Symposium on Hamilton, An American Musical
Catherine E. Kelly
Since his death in 1804, Alexander Hamilton has appeared in American culture in many forms. Post-Civil War nationalist, Progressive-era pro-active statesman, Cold War capitalist hero: Hamilton has been all of these things and more. But he has never been what Broadway's Hamilton has made him: an American folk hero. Given Hamilton's active distrust of democracy, it's a surprising and unlikely role, but in the troublous times of twenty-first century America it has real power, presenting Americans with a glory-filled Founding myth and a heroic advocate of the American Way. This Great Man view of the Founding is problematic in many ways. But as historically inaccurate as it is, Broadway's Hamilton has much to offer, restoring a sense of contingency to what is all too often seen as an inevitable success story, humanizing historical figures in a way that brings the past to life, and inviting people to analyze the nation's Founding myths anew.
Andrew M. Schocket
Hamilton: An American Musical, while distinctive, is fairly representative of recent cultural productions representing the American founding era, fitting the three main characteristics of what this article labels "American Revolution rebooted." First, patriotism is assumed of the protagonists, usually heterosexual white men; second, patriotism consists of supporting a personal, libertarian version of "freedom"; and third, consensus is achieved by the violent expulsion of others.
Recovering a mostly forgotten collection of plays dating back to the turn of the nineteenth century, this article demonstrates how artists used Hamilton to consider critical moments in the nation’s passionate and often painful debates about race, citizenship, and belonging.
This essay examines the ambitious representational mission, color-conscious casting, and hip hop/musical theater fusion of the ground-breaking musical Hamilton. In particular, the piece highlights the unqualified successes of the production team, as they used performed whiteness and race-bending to reinvent casting, marketing, and story-telling on Broadway. However, the essay also acknowledges the historical and political shortcomings of this commercially unrivaled musical and suggests dramaturgical improvements for future professional and amateur productions.
Hamilton: An American Musical by Lin-Manuel Miranda and director Thomas Kail is both an intriguing and imperfect vehicle for understanding the history of the American Revolutionary Era. Although the show simplified the image of Alexander Hamilton and focused on an elite narrative of the American Revolution, the show is not meant to be strict history. Instead the show benefits historians with an imaginative retelling for a contemporary audience, invites multiple interpretations of history, and encourages further conversation.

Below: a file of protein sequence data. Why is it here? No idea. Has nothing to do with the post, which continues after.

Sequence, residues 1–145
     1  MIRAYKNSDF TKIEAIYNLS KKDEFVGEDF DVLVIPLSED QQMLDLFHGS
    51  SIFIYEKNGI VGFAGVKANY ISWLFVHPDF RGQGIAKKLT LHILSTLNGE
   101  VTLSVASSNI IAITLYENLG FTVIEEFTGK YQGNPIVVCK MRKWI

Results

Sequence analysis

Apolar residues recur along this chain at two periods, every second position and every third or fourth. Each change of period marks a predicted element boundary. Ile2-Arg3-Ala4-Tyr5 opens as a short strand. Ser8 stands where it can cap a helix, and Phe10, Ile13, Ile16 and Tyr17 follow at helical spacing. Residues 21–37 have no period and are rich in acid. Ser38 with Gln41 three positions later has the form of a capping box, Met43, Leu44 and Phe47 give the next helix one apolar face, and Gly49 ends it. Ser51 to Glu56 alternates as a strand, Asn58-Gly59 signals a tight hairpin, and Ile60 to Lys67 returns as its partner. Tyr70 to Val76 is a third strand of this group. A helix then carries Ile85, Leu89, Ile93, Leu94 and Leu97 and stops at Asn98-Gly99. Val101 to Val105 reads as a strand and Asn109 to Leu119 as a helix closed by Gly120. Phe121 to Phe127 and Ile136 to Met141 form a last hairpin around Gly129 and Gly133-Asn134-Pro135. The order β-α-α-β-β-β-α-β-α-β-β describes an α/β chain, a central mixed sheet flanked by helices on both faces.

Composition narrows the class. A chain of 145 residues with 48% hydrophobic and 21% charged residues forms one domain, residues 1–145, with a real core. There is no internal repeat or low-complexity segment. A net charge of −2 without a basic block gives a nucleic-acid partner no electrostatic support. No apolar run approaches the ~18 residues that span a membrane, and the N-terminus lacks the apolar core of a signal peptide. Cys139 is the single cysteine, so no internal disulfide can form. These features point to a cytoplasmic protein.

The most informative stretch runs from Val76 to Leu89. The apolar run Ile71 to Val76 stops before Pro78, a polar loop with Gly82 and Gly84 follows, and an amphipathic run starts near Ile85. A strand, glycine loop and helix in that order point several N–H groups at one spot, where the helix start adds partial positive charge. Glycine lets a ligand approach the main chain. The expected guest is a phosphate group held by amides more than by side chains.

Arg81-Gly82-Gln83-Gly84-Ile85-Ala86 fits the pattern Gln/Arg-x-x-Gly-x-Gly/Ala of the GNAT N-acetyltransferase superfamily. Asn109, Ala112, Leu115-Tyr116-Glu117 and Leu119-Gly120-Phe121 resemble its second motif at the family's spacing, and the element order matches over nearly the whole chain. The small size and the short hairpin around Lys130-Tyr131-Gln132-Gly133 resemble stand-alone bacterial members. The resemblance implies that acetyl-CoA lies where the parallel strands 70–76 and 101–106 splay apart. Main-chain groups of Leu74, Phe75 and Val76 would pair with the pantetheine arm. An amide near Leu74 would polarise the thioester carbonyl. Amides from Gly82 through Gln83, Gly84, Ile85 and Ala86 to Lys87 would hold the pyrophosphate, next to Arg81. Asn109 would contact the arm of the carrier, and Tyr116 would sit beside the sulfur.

Historians have a stake in the Hamilton: An American Musical's multiple inaccuracies and in the larger picture Lin-Manuel Miranda paints of the founding. The Hamilton franchise, which stretches from the stage to the best-selling book and album and which is supported by commercial media, operates at a remove from academic historians’ expertise. Professional historians are therefore obliged to hold cultural producers of popular history more accountable and defend the profession and practice of history.
Surveying the Fields
This article examines religion, violence, and westward migration in early national and antebellum America. In treating the Mountain Meadows Massacre of 1857, the authors demonstrate how recognition of religion enriches understanding of the event and its roots in culture and geography. Close attention to and careful interpretation of the lives of the leaders of Methodist migrants (who were killed at Mountain Meadows) and the local Mormon militia (who did the killing) yield vitally connected strands of personal and spiritual history. Placing both men in their religious communities and probing their family strategies reveals how much they had in common. These shared beliefs and practices affected Mormons’and Methodists’ understanding of the meaning of migration, as well as the role and nature of the Kingdom of God in American expansion. The approach taken here takes a panoramic view of the fatal convergence in southern Utah, and integrates religious history with scholarship on empire, slavery, patriarchy, Native dispossession, westward migration, and their reverberations in history. In light of these overlapping beliefs and histories, the massacre is revealed as more intimate, a fratricide among white men who imagined that their religious identities were locked in fatal conflict, but many of whose basic assumptions were shared. This article also engages with the challenges presented by an incomplete archive (all records of the train were lost – likely destroyed by the perpetrators), and the rewards as well as perils of using family histories and survivors’ accounts, as well as more traditional archival materials.
The Mountain Meadows Massacre is not only a part of Mormon or Methodist history but of American history. Empire building, patriarchy, gender, and genocide all play a role. This comment on Gordon and Shipps' article asks whether it is a non-traditional narrative intended to challenge readers’ conceptions of historical writing.
This comment on Gordon and Shipps' article maintains that converging strands of religious zeal for building an earthly kingdom of God and expanding the American empire. The authors' use of vernacular history adds to the richness of competing narratives.